Value: Be aware of how you distribute values (tones) to your shapes. Do the values alter the basic shapes because they are so close in value that two shapes become one? Do the values convey the mood you wish to achieve. Do you want to use a wide range of values (white to black) or a narrow range of values (mostly light, mostly mid-tone or mostly dark tone)?
Temperature: Which shapes do you want to be cool and which shapes do you want to be warm? Do you want to combine warms and cools of the same value within a basic shape such as in a hillside of trees that are of a similar value?
Texture: How much texture do you want in your piece? What sort of texture do you want and what are you wanting to communicate with the texture?
And finally ... the icing on the cake ... the last thing to focus on once the cake has cooled ... COLOUR!
Well ... by the time we get to colour, almost everyone is on overload, exhausted, craving for either another cup of powerful coffee or an entire bottle of wine. Some artists are still fussing over their drawing, getting caught up with the details of the buttons on a shirt or an eye that isn't sitting quite properly within the eye socket beside a nose that ends up being far too small for the head.
No matter how often I emphasize the importance of a daily practice of drawing, simply taking pencil, pen or brush in hand to make marks on a piece of paper, I find it to be one of the biggest stumbling blocks in a workshop. Drawing, whether representational or abstract takes practice to find your own path toward personal creativity. Colour will not make up for drawing that you feel is inadequate. And ... you don't need to "draw well" to make fabulous art. When drawing skills don't please you, you have two choices. You either practice and strengthen your drawing skills or you jump forward and enjoy simple mark-making, focusing instead on the shapes you make on your canvas and gorgeous colour. Be playful!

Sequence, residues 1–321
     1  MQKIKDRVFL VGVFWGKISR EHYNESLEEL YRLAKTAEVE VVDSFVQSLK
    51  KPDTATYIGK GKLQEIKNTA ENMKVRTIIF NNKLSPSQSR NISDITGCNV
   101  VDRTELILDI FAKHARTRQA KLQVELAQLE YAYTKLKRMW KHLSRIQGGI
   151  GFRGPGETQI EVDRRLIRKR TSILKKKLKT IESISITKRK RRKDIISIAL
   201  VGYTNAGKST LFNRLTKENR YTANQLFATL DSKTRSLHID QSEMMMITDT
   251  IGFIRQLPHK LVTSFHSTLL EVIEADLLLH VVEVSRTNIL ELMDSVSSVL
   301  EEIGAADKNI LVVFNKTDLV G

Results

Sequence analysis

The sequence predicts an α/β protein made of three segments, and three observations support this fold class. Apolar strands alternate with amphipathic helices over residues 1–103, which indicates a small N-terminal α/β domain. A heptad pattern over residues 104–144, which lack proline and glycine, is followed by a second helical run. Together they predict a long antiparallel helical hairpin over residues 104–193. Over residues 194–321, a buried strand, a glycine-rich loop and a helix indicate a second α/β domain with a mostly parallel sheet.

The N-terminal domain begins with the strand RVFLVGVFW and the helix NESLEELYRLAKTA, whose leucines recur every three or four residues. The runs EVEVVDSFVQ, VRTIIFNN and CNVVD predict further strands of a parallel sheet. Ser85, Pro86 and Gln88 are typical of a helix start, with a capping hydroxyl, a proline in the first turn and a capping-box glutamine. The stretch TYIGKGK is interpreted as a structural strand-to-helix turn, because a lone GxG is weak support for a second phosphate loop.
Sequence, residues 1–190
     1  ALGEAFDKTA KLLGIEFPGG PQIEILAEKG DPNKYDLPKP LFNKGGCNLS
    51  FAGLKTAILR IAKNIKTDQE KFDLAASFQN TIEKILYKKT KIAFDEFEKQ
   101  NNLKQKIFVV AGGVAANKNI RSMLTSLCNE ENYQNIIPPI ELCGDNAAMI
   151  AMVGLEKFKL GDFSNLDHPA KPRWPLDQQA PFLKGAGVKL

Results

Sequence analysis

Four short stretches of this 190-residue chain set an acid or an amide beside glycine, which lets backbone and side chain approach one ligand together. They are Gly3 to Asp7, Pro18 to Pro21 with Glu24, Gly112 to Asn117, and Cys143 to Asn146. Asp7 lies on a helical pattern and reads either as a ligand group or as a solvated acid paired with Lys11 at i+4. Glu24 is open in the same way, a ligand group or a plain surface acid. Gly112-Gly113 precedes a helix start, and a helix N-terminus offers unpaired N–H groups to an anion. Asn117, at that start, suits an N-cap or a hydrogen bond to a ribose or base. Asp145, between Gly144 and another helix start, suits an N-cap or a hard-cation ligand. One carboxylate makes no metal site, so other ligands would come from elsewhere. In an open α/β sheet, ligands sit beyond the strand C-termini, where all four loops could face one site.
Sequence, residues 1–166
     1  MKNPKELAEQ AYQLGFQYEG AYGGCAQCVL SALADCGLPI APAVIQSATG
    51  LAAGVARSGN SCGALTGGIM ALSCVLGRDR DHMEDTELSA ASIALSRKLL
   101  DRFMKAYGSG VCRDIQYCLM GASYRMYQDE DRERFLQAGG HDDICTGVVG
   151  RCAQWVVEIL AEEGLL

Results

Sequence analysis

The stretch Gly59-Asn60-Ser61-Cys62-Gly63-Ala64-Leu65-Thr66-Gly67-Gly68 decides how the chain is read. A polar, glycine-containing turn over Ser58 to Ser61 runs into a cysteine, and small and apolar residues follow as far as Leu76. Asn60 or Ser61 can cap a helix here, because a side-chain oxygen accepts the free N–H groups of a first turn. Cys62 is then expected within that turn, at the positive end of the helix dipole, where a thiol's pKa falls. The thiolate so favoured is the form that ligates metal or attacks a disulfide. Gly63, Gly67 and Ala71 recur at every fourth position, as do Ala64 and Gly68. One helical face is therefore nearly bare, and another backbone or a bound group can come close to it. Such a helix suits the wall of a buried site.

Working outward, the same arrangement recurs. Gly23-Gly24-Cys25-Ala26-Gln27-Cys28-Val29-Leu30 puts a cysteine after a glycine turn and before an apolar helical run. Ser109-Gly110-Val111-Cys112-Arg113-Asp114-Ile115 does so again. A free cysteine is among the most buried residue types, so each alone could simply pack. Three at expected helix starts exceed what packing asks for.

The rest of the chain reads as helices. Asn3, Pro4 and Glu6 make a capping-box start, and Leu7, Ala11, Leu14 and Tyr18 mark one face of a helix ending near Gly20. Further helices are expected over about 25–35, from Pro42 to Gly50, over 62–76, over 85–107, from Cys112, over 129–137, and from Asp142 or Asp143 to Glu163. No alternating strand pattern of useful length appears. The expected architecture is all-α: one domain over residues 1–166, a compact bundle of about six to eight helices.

Value (tone) can be extremely challenging, especially when it comes to colour value. To some artists, this comes naturally. For me, it definitely did not. It is my many years of working in black and white photography that taught me to see the technicolor world in grayscale. I am forever grateful for that training.
The colour-mapping workshop is presented in reverse. We begin with looking only at colour, skipping the drawing, skipping the basic shapes, skipping the tonal values and skipping choices regarding texture. We are only looking at and identifying colour! What ends up happening is that by looking hard at what we see, we observe more carefully. We observe the saturation of a colour, the value of a color, the hue of a colour and the temperature of a colour. As we are mapping, we notice the dominance of certain colours, the dominance of values, temperatures and saturations. We notice how we feel about the colours and how they effect us emotionally. We discover a world of colours far more vast and filled with possibilities than we thought possible. We get to experience these pleasures and discoveries when we are still clear-headed and energetic rather than only capable of slopping the icing onto the cake to present it to others, hoping they'll enjoy a painting that no longer excites us.